Aziza Ahmed Seif, a health care provider in Tanga, Tanzania, sees as many as two dozen children every day. It used to be that the steady march of patients would overwhelm Aziza’s small rural clinic. That’s because she would spend up to ten hours every month hunting for data, manually cross-referencing immunization registers, and reconciling patient records—precious time that she could have otherwise spent caring for patients.
Thankfully, that’s changing. A wave of powerful digital innovations and strong government leadership have unleashed a digital health revolution in Tanzania, laying the groundwork for other countries to build upon.
Today, Aziza nimbly swipes between tablet screens while entering her patients’ data into the Tanzania Immunization Registry (TImR), an electronic immunization registry (EIR), which was introduced through a partnership between PATH and the Government of Tanzania. Her clinic is among the first to fully transition to the digital system. With just a few taps on the screen, she can verify vaccine stock or pull up caregiver contact information if a child misses a crucial vaccination appointment. Through the easy-to-use TImR interface, Aziza has reduced the amount of time spent registering and vaccinating each child by more than 40 percent while also eliminating outmoded paper records.
In the near future, as Tanzania ramps up its digital health system, Aziza—and other health care providers—will be able to manage additional health issues with the same efficiency as TImR.
Taking the long view
Tanzania’s digital transformation began more than two decades ago when an electronic health management information system known as DHIS2 was rolled out nationwide between 1994 and 1997. Since then, Tanzania has launched multiple digital innovations to strengthen its national health system, including PlanRep, a local government planning and reporting software, and TImR.
Fast forward to today, with Tanzania leading the way in the digital health revolution by harnessing digital tools and technology in a holistic manner to strengthen its entire national health system. One of the most promising efforts is the Tanzania Data Use Partnership, part of a multicountry approach to help governments use data more effectively to improve health outcomes. Rather than propping up a short-lived pilot project, the Data Use Partnership demonstrates Tanzania’s commitment to building for scale, sustainability, and health impact by developing an integrated digital strategy that considers the country’s health system, all of its parts, and how they work together.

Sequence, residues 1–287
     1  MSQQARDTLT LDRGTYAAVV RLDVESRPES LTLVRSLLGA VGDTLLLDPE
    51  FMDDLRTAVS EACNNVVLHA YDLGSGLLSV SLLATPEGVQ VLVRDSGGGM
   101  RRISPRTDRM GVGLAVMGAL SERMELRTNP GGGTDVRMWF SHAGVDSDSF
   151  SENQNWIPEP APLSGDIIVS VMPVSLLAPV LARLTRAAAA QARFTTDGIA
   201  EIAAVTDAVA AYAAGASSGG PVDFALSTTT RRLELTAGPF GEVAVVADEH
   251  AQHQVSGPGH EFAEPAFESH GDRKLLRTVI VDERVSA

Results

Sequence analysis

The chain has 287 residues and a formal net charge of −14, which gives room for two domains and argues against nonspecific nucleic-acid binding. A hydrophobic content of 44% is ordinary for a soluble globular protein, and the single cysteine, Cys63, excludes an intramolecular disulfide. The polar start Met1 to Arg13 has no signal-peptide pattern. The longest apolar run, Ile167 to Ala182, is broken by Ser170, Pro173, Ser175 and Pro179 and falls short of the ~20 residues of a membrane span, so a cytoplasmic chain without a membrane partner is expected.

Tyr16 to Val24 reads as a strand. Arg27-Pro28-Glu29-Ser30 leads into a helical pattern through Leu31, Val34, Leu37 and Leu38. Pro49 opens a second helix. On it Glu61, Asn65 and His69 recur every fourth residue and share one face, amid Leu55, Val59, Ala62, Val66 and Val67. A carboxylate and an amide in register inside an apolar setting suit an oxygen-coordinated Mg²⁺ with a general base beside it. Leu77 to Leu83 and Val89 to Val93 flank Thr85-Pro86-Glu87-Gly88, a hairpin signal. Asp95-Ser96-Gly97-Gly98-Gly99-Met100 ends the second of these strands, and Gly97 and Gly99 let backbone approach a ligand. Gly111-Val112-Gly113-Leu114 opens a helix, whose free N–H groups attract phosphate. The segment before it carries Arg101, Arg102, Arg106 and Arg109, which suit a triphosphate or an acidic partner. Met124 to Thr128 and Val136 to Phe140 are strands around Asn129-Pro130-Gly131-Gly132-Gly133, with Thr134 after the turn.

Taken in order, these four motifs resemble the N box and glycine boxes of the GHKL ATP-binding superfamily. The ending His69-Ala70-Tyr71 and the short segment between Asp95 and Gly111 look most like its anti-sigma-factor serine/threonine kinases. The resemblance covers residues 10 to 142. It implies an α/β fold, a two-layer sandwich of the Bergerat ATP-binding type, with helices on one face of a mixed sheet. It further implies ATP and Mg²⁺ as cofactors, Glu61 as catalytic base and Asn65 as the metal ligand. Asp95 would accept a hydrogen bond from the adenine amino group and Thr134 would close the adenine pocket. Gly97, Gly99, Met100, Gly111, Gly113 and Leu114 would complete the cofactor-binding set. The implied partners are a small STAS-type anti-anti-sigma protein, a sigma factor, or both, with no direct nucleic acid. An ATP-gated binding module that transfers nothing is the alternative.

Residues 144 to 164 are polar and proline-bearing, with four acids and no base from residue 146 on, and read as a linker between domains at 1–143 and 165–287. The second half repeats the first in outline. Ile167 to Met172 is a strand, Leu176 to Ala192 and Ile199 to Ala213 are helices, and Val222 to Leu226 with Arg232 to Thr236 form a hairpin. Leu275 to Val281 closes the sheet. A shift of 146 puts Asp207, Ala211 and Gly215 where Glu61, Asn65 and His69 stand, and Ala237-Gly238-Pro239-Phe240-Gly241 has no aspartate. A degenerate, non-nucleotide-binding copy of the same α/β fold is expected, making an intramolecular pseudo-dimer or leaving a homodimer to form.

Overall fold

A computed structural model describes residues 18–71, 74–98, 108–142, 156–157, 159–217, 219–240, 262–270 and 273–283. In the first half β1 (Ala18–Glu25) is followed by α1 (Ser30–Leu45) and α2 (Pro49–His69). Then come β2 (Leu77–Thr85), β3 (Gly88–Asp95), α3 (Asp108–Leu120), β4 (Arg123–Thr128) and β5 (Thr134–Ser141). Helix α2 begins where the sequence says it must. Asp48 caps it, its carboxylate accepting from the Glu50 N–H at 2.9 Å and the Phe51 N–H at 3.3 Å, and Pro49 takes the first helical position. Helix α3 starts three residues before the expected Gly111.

An end-to-end, interoperable digital health system along with its rich datasets, enable the government to allocate resources for the most health impact, factoring in information like an accurate picture of the population, real-time data on emergent disease cases to prevent epidemics, and measuring and improving skills and training for frontline health workers.
The positive disruption of the digital health revolution extends beyond individual clinics and health providers. Innovation in the fields of predictive analytics, machine learning, digital mapping, and the use of EIR data in combination with mobile network operators (MNO) can improve health service delivery.
MNO data, for instance, provide valuable insights about user behavior, social networks, locations, and usage. When combined with routine immunization data, it gives added dimension and direction to strategies focused on improving vaccination coverage rates. For example, in partnership with PATH and the Digital Impact Alliance, Tanzania will couple MNO data on human migration patterns with vaccine consumption rates to predict changes in health facility demand over time, helping maintain coverage and prevent supply stockouts before they occur.
Integrating these and other datasets acts like a crystal ball for health experts and decision-makers.
Along with data from TImR and digitally enhanced primary health care, leaders will gain answers to questions about health access and coverage, and the risk of disease outbreaks, while forecasting future investments in health.
What does this mean for health care providers like Aziza?
For starters, digital tools and systems can free up more time for clients and the opportunity to improve health outcomes in her immediate community. It means that in between immunization visits, Aziza can sit with mothers, reviewing their child’s growth chart to determine if their babies are healthy and on track, or when they’re due for their next checkup. It means patient care is no longer a guessing game.
It also means that Aziza is reinforcing Tanzania’s role not only as an early adopter of promising digital tools and technology, but as a global leader in the digital health revolution.